The event featured two keynote speakers, Jason Falls of CafePress and founder of Social Media Explorer, and Lee Odden of TopRank Online Marketing and author of “Optimize”, as well as six breakout speakers. The whole day was packed with excellent information, new ideas and lots of networking with social-savvy people.

My nametag! Photo credit: Heather Koffler, Twitter

At the Tribune, we work hard on our social media strategy (see earlier posts about this topic here and here). It’s always great to attend conferences like these to see what we’re already doing well and learn some new ideas for taking our strategy to the next level. Like most businesses, we’re trying to balance many different priorities, and we don’t have one person who can focus solely on our social media strategy. So we have to be a little more creative when it comes to time management and choosing where our resources can best be spent.

At times, this can be stressful. You know what I mean: You want to be doing more, but you don’t always have the time, or the knowledge. That’s why conferences like these are so beneficial. I always leave feeling invigorated and excited, with tons of new ideas for strategies and approaches. (Of course, putting them into practice is usually another story!)


These were a few of the major takeaways I had from the day:

  • Consider the six things social media can do: enhance brand; protect reputation; build community; enhance customer service; facilitate research/development; and drive sales or leads. Pick one, or all six, but always be thinking strategically. (Jason Falls)
  • “Great content isn’t really great until it gets found, consumed and shared.” (Lee Odden)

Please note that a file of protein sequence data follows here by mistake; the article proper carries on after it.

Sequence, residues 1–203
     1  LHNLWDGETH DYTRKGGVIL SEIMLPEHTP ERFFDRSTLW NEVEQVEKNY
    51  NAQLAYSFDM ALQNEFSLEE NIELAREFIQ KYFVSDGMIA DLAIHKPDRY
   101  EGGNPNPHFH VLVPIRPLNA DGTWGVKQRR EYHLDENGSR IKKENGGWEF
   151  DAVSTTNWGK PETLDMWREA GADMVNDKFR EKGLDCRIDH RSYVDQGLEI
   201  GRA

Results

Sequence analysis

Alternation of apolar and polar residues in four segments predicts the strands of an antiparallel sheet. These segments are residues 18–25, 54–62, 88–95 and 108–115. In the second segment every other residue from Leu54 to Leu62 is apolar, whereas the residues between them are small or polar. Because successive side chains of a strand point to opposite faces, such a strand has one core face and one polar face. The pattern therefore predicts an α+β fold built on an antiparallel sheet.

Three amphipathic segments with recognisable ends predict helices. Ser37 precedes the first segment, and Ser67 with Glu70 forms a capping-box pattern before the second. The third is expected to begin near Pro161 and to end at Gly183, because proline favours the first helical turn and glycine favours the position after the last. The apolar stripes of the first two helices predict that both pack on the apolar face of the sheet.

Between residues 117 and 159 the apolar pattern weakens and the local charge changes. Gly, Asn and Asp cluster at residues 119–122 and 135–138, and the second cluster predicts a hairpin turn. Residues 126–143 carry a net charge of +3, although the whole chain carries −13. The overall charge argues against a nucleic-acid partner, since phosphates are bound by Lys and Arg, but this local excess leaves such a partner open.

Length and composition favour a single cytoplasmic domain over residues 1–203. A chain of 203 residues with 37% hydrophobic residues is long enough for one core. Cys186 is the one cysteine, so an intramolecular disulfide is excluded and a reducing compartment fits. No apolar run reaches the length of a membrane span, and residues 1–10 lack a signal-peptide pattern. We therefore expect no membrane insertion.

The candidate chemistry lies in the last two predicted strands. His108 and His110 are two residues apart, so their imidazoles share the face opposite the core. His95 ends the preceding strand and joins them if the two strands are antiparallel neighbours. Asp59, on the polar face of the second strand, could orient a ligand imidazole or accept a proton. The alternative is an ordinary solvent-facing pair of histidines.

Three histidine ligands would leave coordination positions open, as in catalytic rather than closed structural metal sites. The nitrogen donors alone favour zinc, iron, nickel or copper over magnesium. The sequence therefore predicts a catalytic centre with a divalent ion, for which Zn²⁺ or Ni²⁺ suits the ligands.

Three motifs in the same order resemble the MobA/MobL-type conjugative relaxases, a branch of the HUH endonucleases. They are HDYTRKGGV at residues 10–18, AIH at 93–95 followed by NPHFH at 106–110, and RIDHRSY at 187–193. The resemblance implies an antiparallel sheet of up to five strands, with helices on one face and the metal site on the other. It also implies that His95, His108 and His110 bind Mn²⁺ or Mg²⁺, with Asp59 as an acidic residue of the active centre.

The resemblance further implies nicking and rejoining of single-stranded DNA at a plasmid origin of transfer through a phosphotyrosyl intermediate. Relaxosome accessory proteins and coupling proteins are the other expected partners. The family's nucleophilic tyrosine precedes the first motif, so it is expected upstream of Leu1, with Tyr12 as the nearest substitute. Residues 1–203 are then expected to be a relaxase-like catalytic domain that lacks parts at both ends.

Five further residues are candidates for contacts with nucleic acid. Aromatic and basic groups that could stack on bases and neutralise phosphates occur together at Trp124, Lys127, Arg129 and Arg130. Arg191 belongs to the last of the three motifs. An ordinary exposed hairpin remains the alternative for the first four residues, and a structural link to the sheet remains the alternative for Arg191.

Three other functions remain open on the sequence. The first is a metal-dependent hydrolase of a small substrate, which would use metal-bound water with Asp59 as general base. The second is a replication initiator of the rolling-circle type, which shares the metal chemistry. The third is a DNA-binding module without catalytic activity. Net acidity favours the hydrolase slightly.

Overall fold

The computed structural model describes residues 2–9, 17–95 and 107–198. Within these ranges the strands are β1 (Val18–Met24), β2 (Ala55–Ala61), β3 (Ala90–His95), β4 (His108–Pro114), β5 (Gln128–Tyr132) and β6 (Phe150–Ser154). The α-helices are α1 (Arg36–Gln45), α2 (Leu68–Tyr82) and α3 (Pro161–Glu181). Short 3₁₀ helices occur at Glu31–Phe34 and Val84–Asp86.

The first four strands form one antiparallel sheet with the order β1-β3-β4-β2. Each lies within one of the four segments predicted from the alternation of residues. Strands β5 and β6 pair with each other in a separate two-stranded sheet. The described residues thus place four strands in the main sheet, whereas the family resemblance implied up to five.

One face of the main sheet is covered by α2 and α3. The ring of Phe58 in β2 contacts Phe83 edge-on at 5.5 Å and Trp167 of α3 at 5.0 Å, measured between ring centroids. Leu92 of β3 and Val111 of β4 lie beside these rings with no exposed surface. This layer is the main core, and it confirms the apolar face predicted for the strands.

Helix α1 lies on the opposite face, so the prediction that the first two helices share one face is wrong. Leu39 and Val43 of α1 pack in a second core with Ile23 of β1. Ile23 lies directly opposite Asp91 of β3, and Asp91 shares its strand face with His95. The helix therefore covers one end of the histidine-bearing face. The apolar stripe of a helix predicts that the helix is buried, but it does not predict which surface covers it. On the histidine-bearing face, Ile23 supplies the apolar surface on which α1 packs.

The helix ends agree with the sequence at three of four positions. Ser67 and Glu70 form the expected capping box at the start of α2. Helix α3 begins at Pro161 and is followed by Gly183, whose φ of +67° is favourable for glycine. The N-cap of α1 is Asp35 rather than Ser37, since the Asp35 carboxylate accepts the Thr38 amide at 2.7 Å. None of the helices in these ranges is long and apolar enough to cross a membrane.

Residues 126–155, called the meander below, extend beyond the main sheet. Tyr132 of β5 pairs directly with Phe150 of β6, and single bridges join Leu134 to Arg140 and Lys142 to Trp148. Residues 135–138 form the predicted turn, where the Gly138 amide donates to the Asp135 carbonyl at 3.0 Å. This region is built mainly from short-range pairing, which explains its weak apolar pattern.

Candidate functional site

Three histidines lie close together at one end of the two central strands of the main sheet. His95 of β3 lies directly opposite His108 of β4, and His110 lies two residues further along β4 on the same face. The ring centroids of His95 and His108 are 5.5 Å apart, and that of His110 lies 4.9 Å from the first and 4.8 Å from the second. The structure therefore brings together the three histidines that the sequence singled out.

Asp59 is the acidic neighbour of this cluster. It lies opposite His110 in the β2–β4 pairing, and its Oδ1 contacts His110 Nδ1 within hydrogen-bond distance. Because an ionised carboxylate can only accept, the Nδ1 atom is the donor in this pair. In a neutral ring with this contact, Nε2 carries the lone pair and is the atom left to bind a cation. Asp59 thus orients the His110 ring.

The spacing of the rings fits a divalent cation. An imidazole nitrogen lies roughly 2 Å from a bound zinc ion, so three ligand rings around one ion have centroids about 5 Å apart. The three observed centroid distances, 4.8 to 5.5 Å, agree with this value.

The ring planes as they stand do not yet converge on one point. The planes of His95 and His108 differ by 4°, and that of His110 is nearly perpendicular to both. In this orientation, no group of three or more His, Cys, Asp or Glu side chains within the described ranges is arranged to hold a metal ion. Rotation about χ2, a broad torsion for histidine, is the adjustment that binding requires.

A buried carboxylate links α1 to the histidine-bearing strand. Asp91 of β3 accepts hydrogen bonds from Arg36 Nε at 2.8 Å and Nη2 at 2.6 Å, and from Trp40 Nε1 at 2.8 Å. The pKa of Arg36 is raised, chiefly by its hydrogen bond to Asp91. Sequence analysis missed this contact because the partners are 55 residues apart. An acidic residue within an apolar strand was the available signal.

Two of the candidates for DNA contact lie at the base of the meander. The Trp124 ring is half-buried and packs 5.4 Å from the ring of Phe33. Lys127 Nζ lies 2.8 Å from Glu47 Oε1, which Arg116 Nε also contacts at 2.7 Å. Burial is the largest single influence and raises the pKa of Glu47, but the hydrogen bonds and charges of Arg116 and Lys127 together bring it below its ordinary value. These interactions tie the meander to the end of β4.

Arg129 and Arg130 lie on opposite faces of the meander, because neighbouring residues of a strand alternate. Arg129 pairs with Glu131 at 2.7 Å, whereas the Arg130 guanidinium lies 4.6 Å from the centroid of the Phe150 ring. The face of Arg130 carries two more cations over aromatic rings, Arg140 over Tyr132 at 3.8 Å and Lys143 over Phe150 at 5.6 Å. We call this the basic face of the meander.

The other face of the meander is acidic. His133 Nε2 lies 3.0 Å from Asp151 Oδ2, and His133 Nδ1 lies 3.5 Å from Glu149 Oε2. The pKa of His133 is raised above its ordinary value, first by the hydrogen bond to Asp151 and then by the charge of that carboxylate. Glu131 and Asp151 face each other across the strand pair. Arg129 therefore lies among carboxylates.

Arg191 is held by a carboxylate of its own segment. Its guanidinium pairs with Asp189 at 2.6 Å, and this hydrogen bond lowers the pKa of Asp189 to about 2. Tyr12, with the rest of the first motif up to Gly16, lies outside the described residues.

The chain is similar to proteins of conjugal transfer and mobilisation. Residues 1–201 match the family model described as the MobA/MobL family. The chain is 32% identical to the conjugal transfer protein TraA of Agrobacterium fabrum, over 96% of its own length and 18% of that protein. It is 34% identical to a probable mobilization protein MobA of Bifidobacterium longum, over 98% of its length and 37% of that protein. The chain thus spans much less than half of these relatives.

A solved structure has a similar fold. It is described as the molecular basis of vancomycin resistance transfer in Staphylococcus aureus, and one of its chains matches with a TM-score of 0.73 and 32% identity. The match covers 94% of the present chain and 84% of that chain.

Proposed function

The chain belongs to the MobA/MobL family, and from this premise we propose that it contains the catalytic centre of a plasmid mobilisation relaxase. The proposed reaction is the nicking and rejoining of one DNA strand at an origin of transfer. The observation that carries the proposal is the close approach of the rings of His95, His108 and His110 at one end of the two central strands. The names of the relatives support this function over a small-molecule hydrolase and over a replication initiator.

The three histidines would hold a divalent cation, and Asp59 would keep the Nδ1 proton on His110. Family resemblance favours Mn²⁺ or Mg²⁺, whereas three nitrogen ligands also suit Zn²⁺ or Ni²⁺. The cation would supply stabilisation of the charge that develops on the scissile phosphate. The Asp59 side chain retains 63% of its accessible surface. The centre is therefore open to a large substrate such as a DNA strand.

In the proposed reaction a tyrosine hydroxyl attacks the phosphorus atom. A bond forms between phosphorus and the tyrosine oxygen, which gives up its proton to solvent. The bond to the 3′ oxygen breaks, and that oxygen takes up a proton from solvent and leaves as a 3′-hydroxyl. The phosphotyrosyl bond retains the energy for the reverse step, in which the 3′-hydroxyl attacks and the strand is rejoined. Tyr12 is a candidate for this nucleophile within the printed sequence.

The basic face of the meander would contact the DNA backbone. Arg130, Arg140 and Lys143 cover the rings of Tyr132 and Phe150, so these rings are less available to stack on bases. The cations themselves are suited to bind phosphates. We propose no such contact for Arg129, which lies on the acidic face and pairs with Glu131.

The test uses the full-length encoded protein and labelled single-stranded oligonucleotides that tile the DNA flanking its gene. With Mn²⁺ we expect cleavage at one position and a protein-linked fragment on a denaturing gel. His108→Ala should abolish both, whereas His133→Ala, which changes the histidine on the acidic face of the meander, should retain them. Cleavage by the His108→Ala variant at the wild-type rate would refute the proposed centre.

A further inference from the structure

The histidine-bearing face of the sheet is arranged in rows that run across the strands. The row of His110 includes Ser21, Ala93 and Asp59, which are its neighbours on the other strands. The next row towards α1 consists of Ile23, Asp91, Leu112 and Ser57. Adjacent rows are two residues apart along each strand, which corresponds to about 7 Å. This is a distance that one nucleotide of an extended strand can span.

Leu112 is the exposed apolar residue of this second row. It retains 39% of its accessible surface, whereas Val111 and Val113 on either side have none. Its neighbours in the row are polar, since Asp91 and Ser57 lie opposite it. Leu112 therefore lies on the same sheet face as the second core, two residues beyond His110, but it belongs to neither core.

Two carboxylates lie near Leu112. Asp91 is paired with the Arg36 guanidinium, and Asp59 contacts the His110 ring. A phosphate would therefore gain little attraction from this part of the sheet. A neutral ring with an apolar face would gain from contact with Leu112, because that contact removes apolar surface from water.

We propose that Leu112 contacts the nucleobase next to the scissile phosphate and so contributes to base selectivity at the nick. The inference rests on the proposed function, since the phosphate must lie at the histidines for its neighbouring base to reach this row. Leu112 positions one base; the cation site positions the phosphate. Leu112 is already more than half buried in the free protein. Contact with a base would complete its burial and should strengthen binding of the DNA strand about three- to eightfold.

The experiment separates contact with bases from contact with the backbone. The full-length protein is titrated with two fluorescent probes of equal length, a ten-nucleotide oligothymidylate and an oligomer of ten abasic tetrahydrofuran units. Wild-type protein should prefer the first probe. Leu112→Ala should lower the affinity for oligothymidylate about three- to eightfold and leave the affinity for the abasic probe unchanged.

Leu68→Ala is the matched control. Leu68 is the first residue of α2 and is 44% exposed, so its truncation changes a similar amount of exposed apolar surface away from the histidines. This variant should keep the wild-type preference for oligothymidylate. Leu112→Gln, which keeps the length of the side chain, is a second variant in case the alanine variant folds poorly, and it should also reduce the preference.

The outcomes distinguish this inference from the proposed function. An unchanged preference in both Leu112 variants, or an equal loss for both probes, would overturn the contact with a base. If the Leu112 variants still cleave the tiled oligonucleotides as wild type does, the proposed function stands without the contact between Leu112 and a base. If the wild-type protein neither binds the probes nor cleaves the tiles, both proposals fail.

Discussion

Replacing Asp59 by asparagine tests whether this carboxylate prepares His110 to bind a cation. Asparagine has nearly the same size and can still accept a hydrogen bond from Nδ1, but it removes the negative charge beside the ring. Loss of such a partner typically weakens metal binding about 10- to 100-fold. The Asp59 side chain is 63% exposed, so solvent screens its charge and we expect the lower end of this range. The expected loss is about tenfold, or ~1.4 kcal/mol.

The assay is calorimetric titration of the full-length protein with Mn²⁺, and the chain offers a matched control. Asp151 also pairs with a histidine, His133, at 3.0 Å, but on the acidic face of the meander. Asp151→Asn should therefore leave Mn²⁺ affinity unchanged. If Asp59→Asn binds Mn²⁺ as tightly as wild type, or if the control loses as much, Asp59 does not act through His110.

• Social media won’t fix a broken product. Tap into those stories within your organization. (Lee Odden)
  • How to be successful on social media: Provide content, serve your customers, be consistent. (Jason Falls)
  • Google+ is the second largest social network after Facebook. Don’t be too quick to ignore it! (Adam Dince)
  • It takes six to seven “brand touches” for someone to even remember your brand. Make every touch count. (Mykl Roventine)
  • Follow the 80/20 rule: 80% of the time, share nonpromotional content. 20% of the time, promote your brands. (Mykl Roventine)
  • On social, your job is to share content that makes your followers say “holy smokes!” Always try to elicit that emotional response. (Jason Falls)

If any of you are interested, I took quite a few more notes during the event and I’d be happy to share them with you. Just email me at awhite@wctrib.com or find me on Twitter. You can also see what other people were saying about the event on Twitter or Facebook.

On a sidenote, the fact that we can have an event like this, with speakers of this caliber, in little ol’ Redwood Falls is a huge testament to this area and the drive and passion we have here. (And a BIG shout out to Sarah Kuglin and her team, who coordinated the entire event and did a phenomenal job!)

I already can’t wait to go again next year!

Do you enjoy going to these types of conferences? Why? What do you think you could be doing differently with your own social media strategy?

Reporter Tom Cherveny receives praise for work on story

Tom Cherveny

West Central Tribune regional reporter Tom Cherveny received a collegial tip o’ the hat from MinnPost writer Brian Lambert on Thursday when Lambert included a mention of Cherveny’s work on his column.

Lambert writes a daily column for MinnPost called “The Glean,” which “offers two daily helpings of the latest news, information and opinion of interest to Minnesotans,” according to the MinnPost website. “Brian Lambert does double duty, offering an early-morning, quick-hit look at some of the latest must-read stories and talkers and then a late-afternoon look at the day’s developments and buzz.”

In Thursday’s Glean column, Lambert wrote about Cherveny’s recent reporting on a double murder that took place in Granite Falls.